The last time Pulp played a gig in New York City, at Hammerstein Ballroom on June 16 1998, (appropriately Bloomsday given erudite frontman Jarvis Cocker’s fondness for noting anniversaries) President Bill Clinton was in the ugly thick of the Monica Lewinsky scandal, the FDA had just approved Viagra, and the north and south towers of the World Trade Center still stood sentry over lower Manhattan.
Tumble forward 14 years to New York’s grand Radio City Music Hall this past week and the recently reformed Pulp (that of the vintage Different Class lineup) is rapturously received as rock royalty for two sold-out, buzzed-over shows. The adoring New York embrace of Pulp’s resurrection is a grin-worthy shocker for this esoteric, very English band that, even during the heyday of Britpop, never really broke Stateside in a splashy way.
At Wednesday night’s show, the second of two nights, the band effortlessly picked up from where they left off a decade and half ago for, as Cocker observed, a “hardcore” audience of not only middle-aged, yes-we-remember cognescenti, but a far younger pool of twentysomethings, small children in 1995, for whom Cocker has become an iconic figure of bespectacled cool. Even more fascinating was the realisation that Cocker’s lyrics, from the sly menace of ‘I Spy’ to the aggravated anthem ‘Common People’, seem even more suited to these anxiously observant, overtly-sexualised, socially isolated and celebrity-obsessed times.
The brisk, beating heart of Pulp is, of course, Jarvis: one part irreverent Gumby and two parts sexy Pan-with-a-Ph.D.. Bounding across the stage like a series of exclamation marks and ellipses, Cocker swayed atop monitors, prowled between his bandmates and swiveled his hips with a cheeky verve that left Elvis Presley in the dust. Or nearly so, as Cocker, athletic but always slightly awkward, caught his breath between the seductive lines of ‘This is Hardcore’ or ‘Underwear’ with cheerfully verbose chats, celebrating songwriter Richard Berry’s birthday by wailing a few lines from ‘Louie Louie’ or noting Kurt Vonnegut’s passing that day in 2007.
Reportedly, Tuesday night’s show featured interludes pulled from The Great Gatsby and chocolate bars tossed into the front rows (Jarvis did fling one handful of candy to the crowd early in tonight’s set). It was if Cocker, taking a hiatus from his BBC 6 Music show, Sunday Service until early September, brought the learned, laid-back spirit of that show and his radio presenter chops with him, front-selling songs with murmured witticisms: “Relationships don’t always work out, that’s why we have songs,” he observed before launching into a surprising encore of ‘Bad Cover Version’, from 2001’s We Love Life.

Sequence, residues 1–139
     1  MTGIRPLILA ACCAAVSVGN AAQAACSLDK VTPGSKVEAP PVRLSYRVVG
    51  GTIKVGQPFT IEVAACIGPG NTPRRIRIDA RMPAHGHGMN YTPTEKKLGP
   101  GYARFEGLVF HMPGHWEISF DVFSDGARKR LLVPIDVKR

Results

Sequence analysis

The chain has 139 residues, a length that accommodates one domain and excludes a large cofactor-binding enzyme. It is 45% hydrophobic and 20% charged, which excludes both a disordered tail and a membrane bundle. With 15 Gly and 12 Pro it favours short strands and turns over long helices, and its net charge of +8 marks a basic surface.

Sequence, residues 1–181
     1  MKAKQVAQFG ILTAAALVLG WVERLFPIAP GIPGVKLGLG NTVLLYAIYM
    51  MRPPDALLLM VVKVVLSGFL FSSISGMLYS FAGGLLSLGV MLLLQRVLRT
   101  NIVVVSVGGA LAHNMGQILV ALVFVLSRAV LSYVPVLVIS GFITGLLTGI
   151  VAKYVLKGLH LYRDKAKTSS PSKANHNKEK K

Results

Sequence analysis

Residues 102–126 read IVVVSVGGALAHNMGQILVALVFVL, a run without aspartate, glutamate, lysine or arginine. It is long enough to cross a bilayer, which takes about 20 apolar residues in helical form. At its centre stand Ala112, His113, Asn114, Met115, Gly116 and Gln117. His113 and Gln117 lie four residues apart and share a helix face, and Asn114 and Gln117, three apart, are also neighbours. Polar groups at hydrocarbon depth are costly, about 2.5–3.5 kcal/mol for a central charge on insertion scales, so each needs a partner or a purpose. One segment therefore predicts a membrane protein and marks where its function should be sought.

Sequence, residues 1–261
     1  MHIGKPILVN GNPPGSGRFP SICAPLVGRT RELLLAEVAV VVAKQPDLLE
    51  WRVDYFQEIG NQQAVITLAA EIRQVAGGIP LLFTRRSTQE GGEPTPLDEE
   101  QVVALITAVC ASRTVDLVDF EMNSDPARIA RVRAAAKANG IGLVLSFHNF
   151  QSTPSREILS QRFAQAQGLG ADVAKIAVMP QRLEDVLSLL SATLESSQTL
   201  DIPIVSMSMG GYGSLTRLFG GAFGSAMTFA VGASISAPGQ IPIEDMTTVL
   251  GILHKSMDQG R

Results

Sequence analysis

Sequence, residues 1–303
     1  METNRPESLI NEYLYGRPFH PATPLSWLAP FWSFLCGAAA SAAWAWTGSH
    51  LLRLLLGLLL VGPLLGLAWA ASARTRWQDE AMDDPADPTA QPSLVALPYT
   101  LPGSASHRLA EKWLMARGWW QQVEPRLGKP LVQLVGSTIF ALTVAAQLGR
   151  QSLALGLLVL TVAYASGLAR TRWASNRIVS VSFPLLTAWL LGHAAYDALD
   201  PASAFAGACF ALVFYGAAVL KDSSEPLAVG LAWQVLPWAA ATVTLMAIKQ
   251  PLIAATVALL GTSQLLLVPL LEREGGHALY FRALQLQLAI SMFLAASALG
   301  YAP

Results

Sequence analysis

Significantly, Cocker and his Pulp mates didn’t just spew a batch of hits at the audience, but sought a tangible connection to every song in their set, from ‘Babies’ to ‘Disco 2000’ to ‘Sunrise’. The week prior, Cocker had performed at the Whitney Museum in his side project, Relaxed Muscle, to accompany the Michael Clark dance company and he brought the dancers onstage at Radio City for ‘F.E.E.L.I.N.G.C.A.L.L.E.D.L.O.V.E.’ ‘Something Changed’ was warmly dedicated to a pair of newlyweds and Cocker hailed the Bowery Hotel and friends the Venture Brothers and DJ trio Misshapes prior to Pulp’s nightcap of ‘’Mis-Shapes.’
Pulp was very overdue for an assignation with New York and the experience was a delicious, dirty romp between the sheets with a fond note, and a wee Snickers bar, left on our pillow the next day. And yes, we’re applying our lip gloss, slipping on a pencil skirt and patiently waiting, hoping that Jarvis, Steve, Candida, Nick and Mark call us back and don’t keep us waiting sadly by the telephone for another decade.
Photo by Damien McGlynn for last year’s Electric Picnic coverage.
Setlist for April 11, 2012:
Do You Remember The First Time?
Sorted for E’s And Wizz
F.E.E.L.I.N.G. C.A.L.L.E.D. L.O.V.E
This Is Hardcore
Like a Friend
Bad Cover Version